Be warned. Weight of a Piano is not a happy, light-hearted beach read. The book follows two women through their tragic journeys with a very emotionally and physically weighty piano. Katya is a Russian woman living in the 1960s who has been forced to immigrate to the U.S. with her husband and newborn baby and must leave her beloved piano behind. In present-day, the piano resides in Bakersfield with Clara who treasures it as a gift from her late father which she received just before he and Clara’s mother tragically died in a house fire – but has never learned to play it. Both women find a sense of identity in the piano, though in different ways.
Weight of a Piano an immersive, serendipitous story of finding identity and purpose through tragedy. The writing includes some truly wonderful passages and elegant symbolism, and Cander’s tragic characters, cultural references and sense of place draw the reader even further into the story.
Dark themes (infidelity, depression, death, suicide, abuse) give the characters depth and make the story interesting and relatable. Cander does a masterful job of communicating raw emotion throughout the book as a result of these themes too.
Her writing in the opening chapter sets a very high bar for the rest of the book which is only reached occasionally in short passages and never again at the length of a full chapter. This let-down and the predictability of most plot lines are why I gave the book four stars instead of five.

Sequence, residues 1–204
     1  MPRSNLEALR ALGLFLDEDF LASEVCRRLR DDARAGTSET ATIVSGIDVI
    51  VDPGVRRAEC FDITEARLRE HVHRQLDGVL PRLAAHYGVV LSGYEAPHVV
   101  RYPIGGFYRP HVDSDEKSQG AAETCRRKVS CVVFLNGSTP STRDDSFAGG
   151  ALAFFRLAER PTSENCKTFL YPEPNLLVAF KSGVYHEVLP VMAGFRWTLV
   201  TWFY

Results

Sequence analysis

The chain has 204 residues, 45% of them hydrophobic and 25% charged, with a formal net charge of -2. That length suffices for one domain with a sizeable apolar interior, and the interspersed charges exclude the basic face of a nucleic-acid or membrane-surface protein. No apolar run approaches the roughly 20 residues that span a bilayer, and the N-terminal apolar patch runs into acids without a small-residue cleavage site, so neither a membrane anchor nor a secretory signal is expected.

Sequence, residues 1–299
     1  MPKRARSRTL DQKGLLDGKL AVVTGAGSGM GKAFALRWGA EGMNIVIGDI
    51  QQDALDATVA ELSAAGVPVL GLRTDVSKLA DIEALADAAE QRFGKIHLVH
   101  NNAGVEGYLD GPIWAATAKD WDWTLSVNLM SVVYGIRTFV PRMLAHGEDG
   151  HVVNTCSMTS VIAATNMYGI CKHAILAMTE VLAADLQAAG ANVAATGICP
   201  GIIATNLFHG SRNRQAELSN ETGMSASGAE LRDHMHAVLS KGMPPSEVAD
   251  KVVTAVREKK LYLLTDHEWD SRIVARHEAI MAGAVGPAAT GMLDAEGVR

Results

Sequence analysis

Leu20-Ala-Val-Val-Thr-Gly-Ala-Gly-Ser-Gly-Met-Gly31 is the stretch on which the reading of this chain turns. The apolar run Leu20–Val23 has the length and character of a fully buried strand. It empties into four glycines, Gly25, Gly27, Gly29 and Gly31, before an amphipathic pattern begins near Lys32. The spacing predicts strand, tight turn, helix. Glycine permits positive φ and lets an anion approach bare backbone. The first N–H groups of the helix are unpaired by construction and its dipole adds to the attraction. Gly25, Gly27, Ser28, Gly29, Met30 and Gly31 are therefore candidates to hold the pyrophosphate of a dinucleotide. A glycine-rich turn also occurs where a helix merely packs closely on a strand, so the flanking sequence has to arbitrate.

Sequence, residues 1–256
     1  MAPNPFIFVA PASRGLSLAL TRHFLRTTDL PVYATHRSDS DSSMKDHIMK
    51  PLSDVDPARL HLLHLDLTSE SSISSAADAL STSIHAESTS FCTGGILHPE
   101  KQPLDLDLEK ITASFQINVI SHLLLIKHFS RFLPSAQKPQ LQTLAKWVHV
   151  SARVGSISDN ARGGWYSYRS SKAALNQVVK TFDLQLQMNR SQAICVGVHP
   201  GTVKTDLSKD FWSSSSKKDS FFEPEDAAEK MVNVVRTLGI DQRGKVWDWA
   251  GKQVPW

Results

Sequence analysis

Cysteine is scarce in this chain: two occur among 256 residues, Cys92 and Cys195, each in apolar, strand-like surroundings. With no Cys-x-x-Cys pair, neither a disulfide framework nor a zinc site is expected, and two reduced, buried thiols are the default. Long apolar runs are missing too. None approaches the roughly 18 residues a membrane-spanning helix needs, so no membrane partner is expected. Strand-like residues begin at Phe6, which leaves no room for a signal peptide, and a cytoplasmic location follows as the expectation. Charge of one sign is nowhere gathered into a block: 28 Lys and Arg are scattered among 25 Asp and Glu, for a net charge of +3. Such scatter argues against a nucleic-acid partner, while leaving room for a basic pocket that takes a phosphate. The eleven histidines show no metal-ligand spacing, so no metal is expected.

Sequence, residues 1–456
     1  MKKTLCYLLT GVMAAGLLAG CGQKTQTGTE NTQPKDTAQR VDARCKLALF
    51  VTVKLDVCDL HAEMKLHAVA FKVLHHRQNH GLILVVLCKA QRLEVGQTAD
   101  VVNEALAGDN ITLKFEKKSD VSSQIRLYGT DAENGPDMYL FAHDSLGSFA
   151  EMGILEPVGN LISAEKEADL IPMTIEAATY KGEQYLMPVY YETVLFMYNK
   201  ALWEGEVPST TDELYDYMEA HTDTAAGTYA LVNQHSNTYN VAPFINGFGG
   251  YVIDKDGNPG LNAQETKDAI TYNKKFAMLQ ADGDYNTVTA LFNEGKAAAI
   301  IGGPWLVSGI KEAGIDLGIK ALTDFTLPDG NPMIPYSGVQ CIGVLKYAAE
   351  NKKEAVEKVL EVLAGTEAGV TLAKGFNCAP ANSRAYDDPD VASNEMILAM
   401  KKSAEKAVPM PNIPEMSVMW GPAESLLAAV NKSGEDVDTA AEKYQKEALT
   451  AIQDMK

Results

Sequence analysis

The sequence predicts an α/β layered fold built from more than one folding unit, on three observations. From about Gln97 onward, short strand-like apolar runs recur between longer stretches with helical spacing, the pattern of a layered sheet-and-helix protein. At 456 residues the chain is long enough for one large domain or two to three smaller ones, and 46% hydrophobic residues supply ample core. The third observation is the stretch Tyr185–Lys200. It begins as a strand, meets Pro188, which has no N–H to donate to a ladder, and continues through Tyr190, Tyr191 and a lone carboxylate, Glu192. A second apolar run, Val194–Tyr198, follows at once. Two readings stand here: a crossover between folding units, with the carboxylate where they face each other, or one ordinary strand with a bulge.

The subtle role that culture plays adds to the reading experience as well. When an English word wouldn’t do, Cander used the Russian, Mexican or Greek word to more effectively communicate ideas and feelings. Not as subtle, location plays a major role in the story as well. Cander paints expansive pictures in the reader’s mind with her exceptional descriptions of Death Valley.
There’s desperation, a love affair and a coming of age element. So much to love about this book! I recommend Weight of a Piano to fans of historical fiction, contemporary fiction and classical music.
GBC Reader Reviews